Sukkah 9

This old sukkah.

As we continue our journey through this tractate, the rabbis find more ways to explore what it means that the sukkah is a temporary structure. This dafbegins a sugya (a general legal theme or topic) that deals ostensibly with whether one can reuse a kosher sukkahfrom a previous year or a structure originally built for a different purpose, such as protection from the sun for workers in the fields or for watchmen keeping guard over crops before they are harvested. The Gemara raises two broader principles in this discussion: intention and agency.

The mishnah on today’s page reads:

Beit Shammai says that an old roof is pasul (unacceptable). Beit Hillel says it is acceptable. What is an old sukkah? Anything that was built thirty days before the festival begins.

Beit Shammai and Beit Hillel are arguing specifically about the roof of the sukkah because, as has become clear over the course of this tractate so far, the roof, which is made of s’chach (branches)is the defining feature of the sukkah. The sukkah is nothing without its s’chach. 

Beit Shammai says any reused roof is unacceptable, though Beit Hillel permits reuse of roofing material. The medieval commentator Rashi explains that Shammai is specifically talking about a situation in which the sukkah was not built for the festival. How do we know? Beit Shammai holds that to fulfill the mitzvah one has to have intention,specifically for the sake of the mitzvah. There is a tradition that one starts studying the laws of festivals thirty days beforehand (Pesachim 6a). It is assumed, therefore, that if it is built within this window of study, it was built for Sukkot.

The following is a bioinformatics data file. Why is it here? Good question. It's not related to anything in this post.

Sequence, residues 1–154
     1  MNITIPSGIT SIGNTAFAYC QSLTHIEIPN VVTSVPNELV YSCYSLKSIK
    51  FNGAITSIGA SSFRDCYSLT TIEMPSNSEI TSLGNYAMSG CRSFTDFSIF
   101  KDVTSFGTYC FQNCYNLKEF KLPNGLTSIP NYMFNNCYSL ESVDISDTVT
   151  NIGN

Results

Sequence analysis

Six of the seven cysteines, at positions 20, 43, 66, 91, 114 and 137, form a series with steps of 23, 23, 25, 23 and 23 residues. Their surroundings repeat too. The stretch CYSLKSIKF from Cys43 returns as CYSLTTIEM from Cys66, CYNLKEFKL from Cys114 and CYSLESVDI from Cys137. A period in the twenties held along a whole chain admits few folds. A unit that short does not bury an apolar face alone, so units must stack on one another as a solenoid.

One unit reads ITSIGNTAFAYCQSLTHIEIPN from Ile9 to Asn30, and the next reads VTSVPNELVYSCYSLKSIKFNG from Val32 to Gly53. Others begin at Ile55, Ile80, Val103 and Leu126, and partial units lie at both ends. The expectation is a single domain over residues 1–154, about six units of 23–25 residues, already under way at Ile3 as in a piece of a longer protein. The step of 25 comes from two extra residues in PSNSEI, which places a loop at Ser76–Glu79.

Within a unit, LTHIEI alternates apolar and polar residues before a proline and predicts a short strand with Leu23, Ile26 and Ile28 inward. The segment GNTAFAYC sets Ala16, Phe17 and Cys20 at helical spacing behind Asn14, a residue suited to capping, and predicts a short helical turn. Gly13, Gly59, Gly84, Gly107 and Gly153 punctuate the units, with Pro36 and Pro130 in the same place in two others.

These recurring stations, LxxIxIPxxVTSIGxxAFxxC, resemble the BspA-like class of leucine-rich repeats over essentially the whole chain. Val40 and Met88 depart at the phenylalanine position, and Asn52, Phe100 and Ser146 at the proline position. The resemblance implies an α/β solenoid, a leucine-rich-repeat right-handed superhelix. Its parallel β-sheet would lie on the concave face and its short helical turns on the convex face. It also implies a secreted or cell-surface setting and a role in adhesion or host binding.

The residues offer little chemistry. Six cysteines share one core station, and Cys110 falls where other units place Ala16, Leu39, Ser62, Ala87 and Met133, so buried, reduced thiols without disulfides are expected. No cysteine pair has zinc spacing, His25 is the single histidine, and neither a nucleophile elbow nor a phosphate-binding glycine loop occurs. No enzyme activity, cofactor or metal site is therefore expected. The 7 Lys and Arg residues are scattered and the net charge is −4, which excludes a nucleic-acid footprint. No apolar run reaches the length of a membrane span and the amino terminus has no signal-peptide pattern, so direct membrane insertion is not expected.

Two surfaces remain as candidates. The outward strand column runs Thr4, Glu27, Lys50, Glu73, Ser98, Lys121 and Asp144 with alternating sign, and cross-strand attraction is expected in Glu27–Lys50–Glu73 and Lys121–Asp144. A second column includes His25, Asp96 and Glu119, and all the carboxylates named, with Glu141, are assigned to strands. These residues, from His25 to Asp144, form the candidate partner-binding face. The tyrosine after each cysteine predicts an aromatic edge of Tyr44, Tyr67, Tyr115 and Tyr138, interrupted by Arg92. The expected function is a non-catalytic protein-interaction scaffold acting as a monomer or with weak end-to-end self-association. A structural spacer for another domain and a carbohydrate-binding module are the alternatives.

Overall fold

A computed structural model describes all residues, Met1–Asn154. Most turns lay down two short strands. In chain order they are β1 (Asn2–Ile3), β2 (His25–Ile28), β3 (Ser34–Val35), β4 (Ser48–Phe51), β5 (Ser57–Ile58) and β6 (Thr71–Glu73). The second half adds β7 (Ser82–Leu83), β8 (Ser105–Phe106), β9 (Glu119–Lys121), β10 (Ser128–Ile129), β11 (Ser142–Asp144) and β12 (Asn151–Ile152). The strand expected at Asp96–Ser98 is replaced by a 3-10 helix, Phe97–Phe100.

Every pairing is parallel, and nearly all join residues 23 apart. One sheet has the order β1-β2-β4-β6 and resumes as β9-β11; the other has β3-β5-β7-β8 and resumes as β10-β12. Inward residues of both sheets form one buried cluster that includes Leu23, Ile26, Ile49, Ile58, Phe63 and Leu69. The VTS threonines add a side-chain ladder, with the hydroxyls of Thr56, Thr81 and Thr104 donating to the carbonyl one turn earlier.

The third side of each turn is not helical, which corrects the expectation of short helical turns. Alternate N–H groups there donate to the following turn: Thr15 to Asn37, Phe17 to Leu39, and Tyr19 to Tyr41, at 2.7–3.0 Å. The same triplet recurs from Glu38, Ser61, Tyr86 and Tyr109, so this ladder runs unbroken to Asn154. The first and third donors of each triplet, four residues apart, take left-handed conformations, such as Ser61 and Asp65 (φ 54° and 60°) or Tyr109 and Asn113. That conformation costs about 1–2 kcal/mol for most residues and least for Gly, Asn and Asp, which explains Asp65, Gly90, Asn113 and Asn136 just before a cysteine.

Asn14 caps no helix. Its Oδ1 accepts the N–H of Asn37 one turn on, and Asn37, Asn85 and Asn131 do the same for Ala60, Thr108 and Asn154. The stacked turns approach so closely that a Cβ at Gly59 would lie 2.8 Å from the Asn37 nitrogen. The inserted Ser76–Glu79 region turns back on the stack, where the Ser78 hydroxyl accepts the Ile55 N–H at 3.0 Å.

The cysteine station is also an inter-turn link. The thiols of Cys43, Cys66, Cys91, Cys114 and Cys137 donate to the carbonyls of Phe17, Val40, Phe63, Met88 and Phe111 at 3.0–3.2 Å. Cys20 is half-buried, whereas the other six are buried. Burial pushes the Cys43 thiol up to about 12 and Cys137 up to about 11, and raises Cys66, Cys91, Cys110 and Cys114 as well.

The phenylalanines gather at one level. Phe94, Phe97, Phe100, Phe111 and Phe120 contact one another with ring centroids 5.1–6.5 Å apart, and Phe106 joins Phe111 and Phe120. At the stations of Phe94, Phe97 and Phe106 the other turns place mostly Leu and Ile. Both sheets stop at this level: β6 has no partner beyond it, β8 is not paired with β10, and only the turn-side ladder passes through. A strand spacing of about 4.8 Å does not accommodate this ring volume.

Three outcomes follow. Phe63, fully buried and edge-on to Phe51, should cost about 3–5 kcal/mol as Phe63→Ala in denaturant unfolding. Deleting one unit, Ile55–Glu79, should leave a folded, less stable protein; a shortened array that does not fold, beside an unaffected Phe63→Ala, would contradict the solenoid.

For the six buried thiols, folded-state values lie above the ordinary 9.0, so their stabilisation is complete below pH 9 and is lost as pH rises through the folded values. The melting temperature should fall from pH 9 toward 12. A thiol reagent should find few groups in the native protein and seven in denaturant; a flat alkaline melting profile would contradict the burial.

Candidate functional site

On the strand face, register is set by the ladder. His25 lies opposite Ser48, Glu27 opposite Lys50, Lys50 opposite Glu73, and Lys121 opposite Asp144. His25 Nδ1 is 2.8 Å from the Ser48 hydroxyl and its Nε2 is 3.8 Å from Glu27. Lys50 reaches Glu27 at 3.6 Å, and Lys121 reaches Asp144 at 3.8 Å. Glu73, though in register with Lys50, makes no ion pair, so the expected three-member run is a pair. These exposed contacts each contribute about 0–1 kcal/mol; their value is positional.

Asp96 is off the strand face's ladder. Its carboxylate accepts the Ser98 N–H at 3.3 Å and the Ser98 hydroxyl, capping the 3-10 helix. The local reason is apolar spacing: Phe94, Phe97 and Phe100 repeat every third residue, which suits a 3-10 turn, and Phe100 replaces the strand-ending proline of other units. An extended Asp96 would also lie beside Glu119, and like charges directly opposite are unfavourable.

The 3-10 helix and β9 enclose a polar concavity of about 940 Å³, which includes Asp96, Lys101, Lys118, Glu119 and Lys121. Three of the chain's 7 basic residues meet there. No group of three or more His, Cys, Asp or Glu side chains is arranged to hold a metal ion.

However, according to Hillel, if the sukkah is built specifically for the festival and for no other reason, then even if it was built much earlier — at the start of the previous year — it is permitted.

Hillel and Shammai famously disagree throughout the Talmud. But though they disagree on this page as well, they do fundamentally seem to agree that intent is important. It is a longstanding argument throughout the Talmud as to whether one must have intent or not to fulfill a mitzvah. One position is that intention is essential, otherwise the exercise is meaningless and routine. But not all rabbis agree on this — at least not all the time. The other point of view is that it is the act that counts because the intention is very difficult to control or verify. As one saying repeated five times in the Talmud has it: From doing a mitzvah for the wrong reason one may come to do it for the right reason.

Read all of Sukkah 9 on Sefaria.

This piece originally appeared in a My Jewish Learning Daf Yomi email newsletter sent on July 16th, 2021. If you are interested in receiving the newsletter, sign up here.

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